Dysregulated biomarkers induce distinct pathways in preterm birth

L. Brou, L. M. Almli, B. D. Pearce, G. Bhat, C. O. Drobek, S. Fortunato, R. Menon

Research output: Contribution to journalArticle

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Abstract

Objective: To document racial disparity in biomarker concentrations in maternal/fetal plasma and amniotic fluid between African Americans and European Americans with spontaneous preterm birth (PTB; cases) and normal term birth (controls), and their contribution to distinct pathophysiological pathways of PTB. Design Nested case-control study. Setting The Perinatal Research Center, Nashville, Tennessee, USA. Sample Maternal and fetal plasma and amniotic fluid samples were collected from 105 cases (59 African American and 46 European American) and 86 controls (40 African American and 46 European American). Methods Thirty-six biomarkers were analysed using the protein microarray approach. Main outcome measures Differences in biomarker concentrations between cases and controls of different races in maternal, fetal and intra-amniotic compartments, and the risk of PTB. Dysregulated biomarker-induced PTB pathways associated with PTB in each race were determined using ingenuity pathway analysis (IPA). Results Racial disparity was observed in biomarker concentrations in each compartment between cases and controls: amniotic fluid, IL8 and MIP1α differed between case and controls in European Americans, whereas ANGPT2, Eotaxin, ICAM-1, IL-1β, IL1RA, RANTES and TNFα differed between case and controls in African Americans. In both races the FAS ligand, MCP-3 and TNFR-I differed between cases and controls. For fetal plasma, ANGPT2, Eotaxin, FGF basic, ICAM-1, IGF-I, IL10, IL-1β, IL2, IP10 KGF, MCP-3, MIP1α, PDGF-BB, TGFα, TGFβ1, TIMP1, TNFα, TNFR-I, TNFR-II and VEGF differed between cases and controls in European Americans, whereas only MMP7 differed between cases and controls in African Americans. IL-8 differed between cases and controls in both races. For maternal plasma, IL1RA, MMP7 and VEGF differed between cases and controls in European Americans, whereas ANGPT2, FGF basic, IL-1β, IL5, IL6R, KGF, MCP-3, MIP1α, TIMP1 and TNFα differed between cases and controls in African Americans. ANG, IL8 and TNFR-I differed between cases and controls in both races. Conclusions We conclude that: (1) biomarker concentrations in maternal, fetal and intra-amniotic compartments differ between cases and controls; (2) there is racial disparity in the biomarker profile in each of the compartments; (3) substantial numbers of dysregulated fetal plasma biomarkers contribute to PTB in European Americans, whereas maternal plasma biomarkers contribute to PTB in African Americans; and (4) both inflammation and haematological functions are associated with PTB in European Americans, but maternal proinflammatory changes dominate PTB in African Americans. Biomarker analyses document racial disparity and the distinct pathophysiological contributions from different compartments that can determine pregnancy outcome.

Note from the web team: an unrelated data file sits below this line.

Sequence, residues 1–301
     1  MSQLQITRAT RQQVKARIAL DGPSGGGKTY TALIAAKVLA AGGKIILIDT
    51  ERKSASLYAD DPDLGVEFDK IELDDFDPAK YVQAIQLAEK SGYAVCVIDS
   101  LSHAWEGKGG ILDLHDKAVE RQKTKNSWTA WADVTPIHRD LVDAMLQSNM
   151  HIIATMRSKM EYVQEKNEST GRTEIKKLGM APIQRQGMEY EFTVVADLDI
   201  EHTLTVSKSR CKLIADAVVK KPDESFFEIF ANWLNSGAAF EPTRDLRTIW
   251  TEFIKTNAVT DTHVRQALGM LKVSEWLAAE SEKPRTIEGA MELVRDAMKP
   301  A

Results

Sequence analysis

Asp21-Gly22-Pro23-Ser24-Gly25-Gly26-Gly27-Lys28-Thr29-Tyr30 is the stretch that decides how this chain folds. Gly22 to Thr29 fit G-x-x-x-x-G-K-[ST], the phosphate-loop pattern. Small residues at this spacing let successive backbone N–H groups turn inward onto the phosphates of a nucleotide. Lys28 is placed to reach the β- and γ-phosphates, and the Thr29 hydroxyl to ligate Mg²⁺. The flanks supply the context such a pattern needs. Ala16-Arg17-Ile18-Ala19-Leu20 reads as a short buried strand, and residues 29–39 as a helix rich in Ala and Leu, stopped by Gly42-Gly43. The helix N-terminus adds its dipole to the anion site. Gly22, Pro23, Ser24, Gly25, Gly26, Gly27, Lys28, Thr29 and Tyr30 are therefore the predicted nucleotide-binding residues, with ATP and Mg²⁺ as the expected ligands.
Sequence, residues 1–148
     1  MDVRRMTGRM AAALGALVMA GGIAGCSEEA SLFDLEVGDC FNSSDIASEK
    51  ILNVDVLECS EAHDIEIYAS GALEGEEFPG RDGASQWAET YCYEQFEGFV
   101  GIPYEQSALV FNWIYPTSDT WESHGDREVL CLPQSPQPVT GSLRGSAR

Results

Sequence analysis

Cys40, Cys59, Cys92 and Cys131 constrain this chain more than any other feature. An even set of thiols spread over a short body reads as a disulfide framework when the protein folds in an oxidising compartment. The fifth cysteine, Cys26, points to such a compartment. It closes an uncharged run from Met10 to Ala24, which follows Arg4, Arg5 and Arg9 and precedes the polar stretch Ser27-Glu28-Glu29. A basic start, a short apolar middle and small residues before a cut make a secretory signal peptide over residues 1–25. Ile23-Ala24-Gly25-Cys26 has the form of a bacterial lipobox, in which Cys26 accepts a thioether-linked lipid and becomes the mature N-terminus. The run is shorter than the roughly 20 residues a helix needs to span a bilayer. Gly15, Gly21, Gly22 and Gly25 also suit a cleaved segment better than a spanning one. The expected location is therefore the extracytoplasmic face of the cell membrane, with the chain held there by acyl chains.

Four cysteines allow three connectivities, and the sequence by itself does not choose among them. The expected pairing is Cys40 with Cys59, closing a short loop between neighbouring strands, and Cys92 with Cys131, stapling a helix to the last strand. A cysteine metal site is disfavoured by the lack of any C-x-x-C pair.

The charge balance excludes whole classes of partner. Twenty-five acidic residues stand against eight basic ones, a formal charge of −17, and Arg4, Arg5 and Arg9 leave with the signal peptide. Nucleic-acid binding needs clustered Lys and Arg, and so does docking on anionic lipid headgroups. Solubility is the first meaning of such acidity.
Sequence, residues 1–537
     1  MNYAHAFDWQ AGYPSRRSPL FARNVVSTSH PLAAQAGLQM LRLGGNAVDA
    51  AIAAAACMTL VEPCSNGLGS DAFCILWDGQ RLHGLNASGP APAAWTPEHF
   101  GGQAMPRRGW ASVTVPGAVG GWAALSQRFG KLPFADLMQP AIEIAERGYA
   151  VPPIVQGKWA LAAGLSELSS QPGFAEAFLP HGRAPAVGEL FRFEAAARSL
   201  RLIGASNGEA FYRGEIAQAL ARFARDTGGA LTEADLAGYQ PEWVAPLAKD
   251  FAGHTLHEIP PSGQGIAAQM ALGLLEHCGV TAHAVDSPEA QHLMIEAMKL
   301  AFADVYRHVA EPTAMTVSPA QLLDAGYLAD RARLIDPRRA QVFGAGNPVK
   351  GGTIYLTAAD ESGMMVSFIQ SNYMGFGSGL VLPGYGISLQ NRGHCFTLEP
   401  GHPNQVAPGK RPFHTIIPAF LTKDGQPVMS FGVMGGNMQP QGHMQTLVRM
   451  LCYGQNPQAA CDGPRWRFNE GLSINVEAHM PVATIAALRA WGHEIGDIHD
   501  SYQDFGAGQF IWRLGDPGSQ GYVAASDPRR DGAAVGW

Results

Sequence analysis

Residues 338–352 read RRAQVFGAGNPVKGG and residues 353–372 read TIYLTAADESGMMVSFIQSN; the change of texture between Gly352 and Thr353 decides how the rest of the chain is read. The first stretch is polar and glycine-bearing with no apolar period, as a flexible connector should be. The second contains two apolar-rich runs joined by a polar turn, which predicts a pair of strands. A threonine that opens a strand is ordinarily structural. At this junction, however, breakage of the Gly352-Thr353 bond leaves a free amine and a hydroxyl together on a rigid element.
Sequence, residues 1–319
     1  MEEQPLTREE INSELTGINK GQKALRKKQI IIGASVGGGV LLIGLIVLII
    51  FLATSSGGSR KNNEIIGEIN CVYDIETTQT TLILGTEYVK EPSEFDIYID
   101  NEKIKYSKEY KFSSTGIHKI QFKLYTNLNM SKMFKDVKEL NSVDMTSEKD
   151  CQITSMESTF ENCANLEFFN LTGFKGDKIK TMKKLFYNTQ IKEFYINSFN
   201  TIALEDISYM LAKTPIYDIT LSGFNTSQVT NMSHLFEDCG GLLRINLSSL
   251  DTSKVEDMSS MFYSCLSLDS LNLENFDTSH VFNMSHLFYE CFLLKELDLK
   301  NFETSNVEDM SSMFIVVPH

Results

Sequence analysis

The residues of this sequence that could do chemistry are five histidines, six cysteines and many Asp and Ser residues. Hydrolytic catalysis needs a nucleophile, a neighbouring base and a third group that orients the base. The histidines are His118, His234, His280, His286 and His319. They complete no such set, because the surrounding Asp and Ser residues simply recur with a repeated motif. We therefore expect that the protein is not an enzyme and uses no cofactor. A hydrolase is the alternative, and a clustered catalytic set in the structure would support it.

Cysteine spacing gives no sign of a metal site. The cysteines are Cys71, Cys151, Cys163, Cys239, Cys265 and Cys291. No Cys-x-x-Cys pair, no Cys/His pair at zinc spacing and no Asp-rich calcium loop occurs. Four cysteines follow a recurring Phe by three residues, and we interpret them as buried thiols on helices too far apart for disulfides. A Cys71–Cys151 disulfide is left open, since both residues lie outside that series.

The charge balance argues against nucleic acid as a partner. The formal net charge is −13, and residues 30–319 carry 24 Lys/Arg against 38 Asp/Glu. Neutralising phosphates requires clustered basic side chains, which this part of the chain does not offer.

Original languageEnglish (US)
Pages (from-to)458-473
Number of pages16
JournalBJOG: An International Journal of Obstetrics and Gynaecology
Volume119
Issue number4
DOIs
StatePublished - Mar 1 2012

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Keywords

  • Bioinformatics
  • cytokines
  • ethnic disparity
  • infection
  • inflammation
  • ingenuity pathway analysis
  • prematurity

ASJC Scopus subject areas

  • Obstetrics and Gynecology

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